Cord cutting is dead some say. Others think it a passing fad and that there's no staying power. Yet in the annual State of the Media Democracy report, Deloitte reports that some 20% of consumers have or are thinking about it. With the upswell of connected TVs I expect to see at CES, I bet this number jumps this year.
Deloitte's State of the Media Democracy (sixth edition) survey assesses media consumption preferences of nearly 2,000 consumers, ages 14 to 75 years old in the United States, revealing significant trends including increased access to content driving consumption, smartphones continuing to challenge other devices and the role of DVRs in preserving consumers' cable and satellite television subscriptions.
Streaming Video Leads the Charge
According to the report, since 2009, streaming of video has increased some 14% up from 28 to 42% this year. They cite availability as the major driver, that's certainly part of it as is better broadband coverage I think.
There's also been a 10% jump in those who say that streaming content is their favorite delivery format. A full 14% think it tops the charts. Plus, if movie studios are complaining about disc sales and bad box office figures they need to know that, according to the report, just 19% said they had not viewed a movie, available for purchase or rental, during the past six months.
How major of a change is that? In 2007, it was 37%. Streaming is definitely driving consumption and Hollywood should be embracing it far more than they are.
Second on the 'fave ways to pass the day with video' list is the DVR even though just 44% have one. Why is that? Perhaps because Time Warner charges something like $20 a month for a DVR box and service. Why exactly do they charge a monthly fee? I don't know. But that's the price here in Milwaukee. See, I have digital HD cable and a standard box, no DVR. If I want to get a DVR, they want me to pay $20 a month. So now you see why I don't have it, because I already pay $93 a month for cable and Internet. In fact, I've been contemplating actually dropping some of mine.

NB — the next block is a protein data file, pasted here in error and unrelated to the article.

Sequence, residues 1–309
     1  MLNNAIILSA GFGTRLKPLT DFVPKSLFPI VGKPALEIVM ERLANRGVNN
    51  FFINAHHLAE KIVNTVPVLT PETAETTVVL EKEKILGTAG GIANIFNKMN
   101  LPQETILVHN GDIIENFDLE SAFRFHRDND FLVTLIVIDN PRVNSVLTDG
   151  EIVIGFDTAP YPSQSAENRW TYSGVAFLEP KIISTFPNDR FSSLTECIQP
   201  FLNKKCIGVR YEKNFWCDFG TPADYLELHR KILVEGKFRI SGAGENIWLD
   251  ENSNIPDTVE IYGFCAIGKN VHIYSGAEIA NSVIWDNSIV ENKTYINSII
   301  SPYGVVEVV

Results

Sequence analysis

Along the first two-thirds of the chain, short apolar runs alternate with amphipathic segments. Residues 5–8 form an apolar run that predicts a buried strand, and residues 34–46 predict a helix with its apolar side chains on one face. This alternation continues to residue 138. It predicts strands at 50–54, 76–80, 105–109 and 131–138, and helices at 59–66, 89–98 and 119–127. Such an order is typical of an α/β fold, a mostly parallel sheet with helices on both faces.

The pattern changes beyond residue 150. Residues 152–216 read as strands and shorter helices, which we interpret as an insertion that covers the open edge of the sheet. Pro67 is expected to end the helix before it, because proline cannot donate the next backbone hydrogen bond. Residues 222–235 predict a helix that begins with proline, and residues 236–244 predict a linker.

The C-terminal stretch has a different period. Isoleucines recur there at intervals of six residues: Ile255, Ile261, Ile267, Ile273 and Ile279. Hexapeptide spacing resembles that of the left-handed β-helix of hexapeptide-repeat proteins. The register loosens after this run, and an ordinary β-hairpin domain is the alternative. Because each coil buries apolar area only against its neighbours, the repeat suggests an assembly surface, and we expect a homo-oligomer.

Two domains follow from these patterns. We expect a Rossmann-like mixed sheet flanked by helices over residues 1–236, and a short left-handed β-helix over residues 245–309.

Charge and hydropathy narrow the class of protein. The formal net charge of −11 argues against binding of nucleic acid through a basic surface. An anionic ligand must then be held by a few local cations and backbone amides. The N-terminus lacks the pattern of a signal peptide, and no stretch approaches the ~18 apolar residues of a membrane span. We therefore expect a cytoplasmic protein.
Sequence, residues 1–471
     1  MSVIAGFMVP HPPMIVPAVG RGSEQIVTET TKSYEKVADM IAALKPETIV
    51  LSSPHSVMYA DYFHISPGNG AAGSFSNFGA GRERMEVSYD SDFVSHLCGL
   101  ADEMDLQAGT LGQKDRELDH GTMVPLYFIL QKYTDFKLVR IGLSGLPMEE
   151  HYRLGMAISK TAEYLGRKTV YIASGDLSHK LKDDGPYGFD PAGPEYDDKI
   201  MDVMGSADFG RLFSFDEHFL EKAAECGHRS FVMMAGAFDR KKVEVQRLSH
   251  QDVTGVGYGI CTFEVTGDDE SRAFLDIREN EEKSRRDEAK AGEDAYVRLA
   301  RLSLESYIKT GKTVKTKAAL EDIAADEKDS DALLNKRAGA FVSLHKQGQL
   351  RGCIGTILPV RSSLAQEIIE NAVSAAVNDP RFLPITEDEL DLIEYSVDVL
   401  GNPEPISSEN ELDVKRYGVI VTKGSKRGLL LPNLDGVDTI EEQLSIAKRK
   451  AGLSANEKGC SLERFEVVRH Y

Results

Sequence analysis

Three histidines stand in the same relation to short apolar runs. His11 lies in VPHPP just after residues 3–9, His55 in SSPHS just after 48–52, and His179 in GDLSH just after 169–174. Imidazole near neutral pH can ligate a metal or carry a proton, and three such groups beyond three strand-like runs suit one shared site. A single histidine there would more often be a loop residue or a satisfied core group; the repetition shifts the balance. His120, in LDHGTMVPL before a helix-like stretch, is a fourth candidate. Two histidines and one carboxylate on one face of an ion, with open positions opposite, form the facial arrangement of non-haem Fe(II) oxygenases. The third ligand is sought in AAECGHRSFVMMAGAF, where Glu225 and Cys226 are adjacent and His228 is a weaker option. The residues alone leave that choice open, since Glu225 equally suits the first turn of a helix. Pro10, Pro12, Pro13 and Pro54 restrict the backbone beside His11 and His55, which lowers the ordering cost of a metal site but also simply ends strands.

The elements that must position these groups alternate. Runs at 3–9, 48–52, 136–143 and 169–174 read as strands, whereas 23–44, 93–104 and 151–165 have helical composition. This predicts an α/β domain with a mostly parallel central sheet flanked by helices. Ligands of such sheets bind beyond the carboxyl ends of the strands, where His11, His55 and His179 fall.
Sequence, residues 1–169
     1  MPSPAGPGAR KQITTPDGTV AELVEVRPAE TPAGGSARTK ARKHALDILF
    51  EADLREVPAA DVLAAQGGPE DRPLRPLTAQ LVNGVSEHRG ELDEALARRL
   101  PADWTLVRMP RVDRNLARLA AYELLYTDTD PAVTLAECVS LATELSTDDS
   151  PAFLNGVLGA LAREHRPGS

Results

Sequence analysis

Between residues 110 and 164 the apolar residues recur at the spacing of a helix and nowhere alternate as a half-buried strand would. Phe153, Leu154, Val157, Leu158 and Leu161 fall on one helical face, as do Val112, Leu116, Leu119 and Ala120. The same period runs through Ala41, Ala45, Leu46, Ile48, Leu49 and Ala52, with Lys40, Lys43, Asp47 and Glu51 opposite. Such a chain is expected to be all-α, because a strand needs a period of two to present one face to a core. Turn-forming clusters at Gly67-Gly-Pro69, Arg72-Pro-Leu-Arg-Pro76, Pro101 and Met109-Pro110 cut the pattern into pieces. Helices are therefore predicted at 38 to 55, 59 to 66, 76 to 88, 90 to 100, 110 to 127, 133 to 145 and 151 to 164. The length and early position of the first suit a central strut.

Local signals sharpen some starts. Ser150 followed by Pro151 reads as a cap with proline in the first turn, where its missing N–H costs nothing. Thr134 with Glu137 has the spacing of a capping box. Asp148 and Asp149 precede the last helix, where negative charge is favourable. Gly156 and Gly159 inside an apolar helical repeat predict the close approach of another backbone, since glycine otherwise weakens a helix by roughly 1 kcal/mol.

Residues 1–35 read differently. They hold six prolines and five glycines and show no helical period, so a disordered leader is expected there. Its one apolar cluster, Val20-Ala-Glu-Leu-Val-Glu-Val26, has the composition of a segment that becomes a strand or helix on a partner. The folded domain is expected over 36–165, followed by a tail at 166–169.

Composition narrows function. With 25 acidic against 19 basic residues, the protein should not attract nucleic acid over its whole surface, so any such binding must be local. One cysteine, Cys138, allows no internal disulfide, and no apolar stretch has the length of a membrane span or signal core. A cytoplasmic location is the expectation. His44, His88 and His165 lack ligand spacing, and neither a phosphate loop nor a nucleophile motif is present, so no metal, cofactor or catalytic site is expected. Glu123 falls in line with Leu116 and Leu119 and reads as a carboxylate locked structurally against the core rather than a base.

Basic Service $8.57
Standard Service $25.73
Digital Variety Tier $3.43
HDTV Converter $4.43
Digital Choice Tier $2.79
Note how there's a $4.43 charge a month for the HD-capable box and then another $2.79 for the service (Digital Choice Tier). I need the Digital Variety Tier so I can get BBC America. Standard Service is the mega-channel-pack of which has maybe 50-70 channels of which I watch 5 and is the largest waste. If I could pick and choose the channels I get in that pack and save $15, I would then get a DVR. But I don't need it as almost everything is online or on-demand.
Cord Cutting On The Rise?
Finally, on to the cord cutting. While just 9% have cut the cord, another 11% are considering it. Why? Because they can watch almost all the shows they want, online. Another 15% said they're watch movies, television programs, and videos from online digital sources soon.
Why haven't I cut my cable? Sports. Local NBA and MLB games are only available through cable. I would almost prefer a usage based system. Charge me for how much I watch, not how much you send that I may watch but most likely never will. Better yet, a la carte. That's why I think Google TV and Apple will succeed, they are looking at smaller bundles and a la carte channel lineups which should equate to cost savings in the long run for consumers.
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